We live in a time of triggers. It’s the name of a new book from a member of probably the triggery-est family in the country. It made things a little awkward at Northwestern. And it seems like it’s always a trending topic on Twitter.
Stories about “angry” Elizabeth Warren? Trigger. Photos of people holding “Women for Trump” signs? Trig. Ger. Commentary by former White House Photographer Pete Souza about living through the worst day of President Obama’s administration when 26 people were killed at Sandy Hook Elementary? TRIGGER.
While the word is having a moment, triggers have always been around. The only difference now? We know what to call them. A few triggering topics in particular have been around a while: Womanhood and motherhood. It feels like we’ve always been circling around what goes into doing them perfectly and pointing fingers at those we consider to be doing them incorrectly.
With the power and lightning fast reach of social media, along with our insistence on quick and damning judgement, it’s heartbreak waiting to happen. We’re literally figuring out together, right now, life with social media that gives each person the option to be really loud. It’s a scary time just as a human being, but as a parent? It can be terrifying.
What’s funny (coincidental?) is that I didn’t know social media until parenthood. I created my Facebook account in 2008 for a few reasons, including:
Everyone was doing it.
My son was just a baby and posting pictures of him there seemed easier than sending emails.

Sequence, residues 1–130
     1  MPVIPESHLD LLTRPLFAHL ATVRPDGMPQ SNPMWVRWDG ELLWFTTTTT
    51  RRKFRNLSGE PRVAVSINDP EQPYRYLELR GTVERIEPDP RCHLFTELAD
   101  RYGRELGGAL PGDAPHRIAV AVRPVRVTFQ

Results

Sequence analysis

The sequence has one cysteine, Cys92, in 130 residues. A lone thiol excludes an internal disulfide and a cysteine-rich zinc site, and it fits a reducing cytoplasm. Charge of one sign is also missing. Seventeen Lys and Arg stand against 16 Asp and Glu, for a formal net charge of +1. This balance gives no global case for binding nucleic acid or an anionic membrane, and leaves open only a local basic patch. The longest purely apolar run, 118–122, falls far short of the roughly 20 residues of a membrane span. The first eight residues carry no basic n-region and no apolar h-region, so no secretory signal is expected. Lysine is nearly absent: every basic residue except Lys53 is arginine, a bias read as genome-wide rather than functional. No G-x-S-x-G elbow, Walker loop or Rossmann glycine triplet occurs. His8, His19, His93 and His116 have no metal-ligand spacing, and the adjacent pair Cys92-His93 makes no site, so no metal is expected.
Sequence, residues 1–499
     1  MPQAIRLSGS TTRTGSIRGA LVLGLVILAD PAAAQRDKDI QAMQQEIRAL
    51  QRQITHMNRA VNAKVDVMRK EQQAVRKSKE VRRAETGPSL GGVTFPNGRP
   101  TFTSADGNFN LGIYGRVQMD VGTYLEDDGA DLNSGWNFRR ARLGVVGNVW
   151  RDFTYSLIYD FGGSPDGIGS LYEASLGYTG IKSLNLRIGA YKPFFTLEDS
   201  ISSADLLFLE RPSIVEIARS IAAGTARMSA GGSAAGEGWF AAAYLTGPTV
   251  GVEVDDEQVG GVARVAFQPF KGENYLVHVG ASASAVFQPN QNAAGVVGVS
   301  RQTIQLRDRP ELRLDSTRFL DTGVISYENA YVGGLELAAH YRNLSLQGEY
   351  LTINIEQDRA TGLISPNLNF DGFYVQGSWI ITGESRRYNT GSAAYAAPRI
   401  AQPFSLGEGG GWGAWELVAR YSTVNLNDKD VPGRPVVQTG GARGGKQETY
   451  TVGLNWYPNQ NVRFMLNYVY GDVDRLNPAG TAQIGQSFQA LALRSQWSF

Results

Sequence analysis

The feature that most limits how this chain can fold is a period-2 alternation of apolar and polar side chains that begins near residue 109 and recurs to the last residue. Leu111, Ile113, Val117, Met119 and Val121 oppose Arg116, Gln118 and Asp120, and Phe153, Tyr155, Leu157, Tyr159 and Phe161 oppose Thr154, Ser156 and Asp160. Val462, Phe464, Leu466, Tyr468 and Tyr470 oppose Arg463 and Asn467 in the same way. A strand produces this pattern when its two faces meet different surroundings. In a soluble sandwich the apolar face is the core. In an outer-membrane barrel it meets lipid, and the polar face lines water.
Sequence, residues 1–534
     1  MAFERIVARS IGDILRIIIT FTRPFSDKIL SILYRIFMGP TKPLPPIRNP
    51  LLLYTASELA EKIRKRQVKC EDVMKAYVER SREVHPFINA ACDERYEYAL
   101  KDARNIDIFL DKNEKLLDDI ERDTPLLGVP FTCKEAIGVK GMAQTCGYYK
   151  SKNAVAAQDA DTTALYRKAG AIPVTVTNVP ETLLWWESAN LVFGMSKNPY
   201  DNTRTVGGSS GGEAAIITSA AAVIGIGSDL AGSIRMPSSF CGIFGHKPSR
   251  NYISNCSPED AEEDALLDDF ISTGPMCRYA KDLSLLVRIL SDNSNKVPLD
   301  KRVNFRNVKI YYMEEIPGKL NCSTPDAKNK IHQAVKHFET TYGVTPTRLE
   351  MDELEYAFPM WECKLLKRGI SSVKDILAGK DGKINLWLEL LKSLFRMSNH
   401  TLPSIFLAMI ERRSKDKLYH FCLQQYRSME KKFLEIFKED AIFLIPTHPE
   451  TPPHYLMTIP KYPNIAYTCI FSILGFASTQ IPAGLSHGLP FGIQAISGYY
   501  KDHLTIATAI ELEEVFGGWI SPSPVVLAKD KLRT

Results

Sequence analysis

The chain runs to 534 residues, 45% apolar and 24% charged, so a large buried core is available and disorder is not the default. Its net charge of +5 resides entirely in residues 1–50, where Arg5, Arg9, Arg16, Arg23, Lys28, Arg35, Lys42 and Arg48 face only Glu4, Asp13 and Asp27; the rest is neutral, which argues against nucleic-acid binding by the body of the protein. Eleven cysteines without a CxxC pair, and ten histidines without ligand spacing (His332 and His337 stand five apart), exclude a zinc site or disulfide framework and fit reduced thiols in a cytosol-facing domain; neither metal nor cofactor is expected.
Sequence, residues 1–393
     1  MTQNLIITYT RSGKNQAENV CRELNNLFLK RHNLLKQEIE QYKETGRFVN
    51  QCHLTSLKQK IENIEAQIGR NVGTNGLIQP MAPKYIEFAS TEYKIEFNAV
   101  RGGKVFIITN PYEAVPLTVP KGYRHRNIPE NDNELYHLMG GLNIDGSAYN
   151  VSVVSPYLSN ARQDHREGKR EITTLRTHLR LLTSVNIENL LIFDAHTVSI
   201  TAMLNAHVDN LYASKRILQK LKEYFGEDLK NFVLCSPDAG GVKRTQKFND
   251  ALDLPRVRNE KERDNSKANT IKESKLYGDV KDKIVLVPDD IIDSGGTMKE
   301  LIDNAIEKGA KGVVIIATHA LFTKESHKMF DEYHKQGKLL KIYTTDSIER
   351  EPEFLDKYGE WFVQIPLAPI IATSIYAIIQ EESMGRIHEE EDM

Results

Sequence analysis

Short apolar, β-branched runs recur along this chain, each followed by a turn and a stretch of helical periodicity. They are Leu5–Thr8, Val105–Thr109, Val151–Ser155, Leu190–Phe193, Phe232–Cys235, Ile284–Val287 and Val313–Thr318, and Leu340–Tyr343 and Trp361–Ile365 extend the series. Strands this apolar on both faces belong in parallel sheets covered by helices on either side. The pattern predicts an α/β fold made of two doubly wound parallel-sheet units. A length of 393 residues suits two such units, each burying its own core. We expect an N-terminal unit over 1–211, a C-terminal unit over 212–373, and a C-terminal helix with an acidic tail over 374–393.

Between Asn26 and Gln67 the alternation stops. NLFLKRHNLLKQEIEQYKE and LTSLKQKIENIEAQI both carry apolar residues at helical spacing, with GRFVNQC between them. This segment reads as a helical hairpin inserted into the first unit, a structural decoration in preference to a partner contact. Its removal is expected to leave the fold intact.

It was a way to communicate with the world at a time when I was figuring out my place in it as a new mother and a journalist.
My early experience with Facebook? Talk about triggered. All the “other moms” had perfect post-baby bodies and clean houses and (GASP!) work-life balance.
And as we know now, posts lead to comparisons. Comparisons lead to joylessness. Joylessness leads to hopelessness. Maybe it’s the sad mom version of Yoda’s “Fear leads to anger. Anger leads to hate. Hate leads to suffering." But we didn’t know that then and we had to go through time, as well as the filters of perfection, to get to the core of reality.
I have to say: I’d rather feel real feelings, be “triggered,” by honesty than shamed by fake perfection. I think “trigger” for some can be an easy word to express complicated feelings. Our minds often go to negative thoughts and feelings when we hear the word “trigger.”
What’s funny (coincidental?) is that I started writing about this word because I spotted a photo that triggered … wait for it … good thoughts and positive feelings.
This photo was taken around this time 10 years ago. It, of course, showed up in a Facebook memory and the room suddenly got a little dusty. I felt nostalgic and happy and proud. That collision of emotions doesn’t happen too often so I’ll go ahead and roll around in them for a bit.
The little boy in the picture? He’s 11 now. The woman? She’s 43. And we’re both figuring things out — together and individually. I may not like a lot of things about being a parent in the very loud world of 2019, but I do like this new sense of honesty.
Somewhere along the line, shit got real. We (praise hands emoji) started seeing imperfect bodies, parenting fails and even messy houses.
Of course, you can put a filter on almost anything, but — thankfully — in 2019, we’re starting to see the struggle. And it feels better. It feels like we’re less alone.
Amy Bailey was a member of the Michigan Capitol Press Corps from 2000-2006. She lives and works in Green Bay, Wisconsin, with her husband, son and an easily excitable Australian Shepherd named Max. Amy's guest column, Something to Say, publishes periodically. You can follow her on Twitter and Instagram.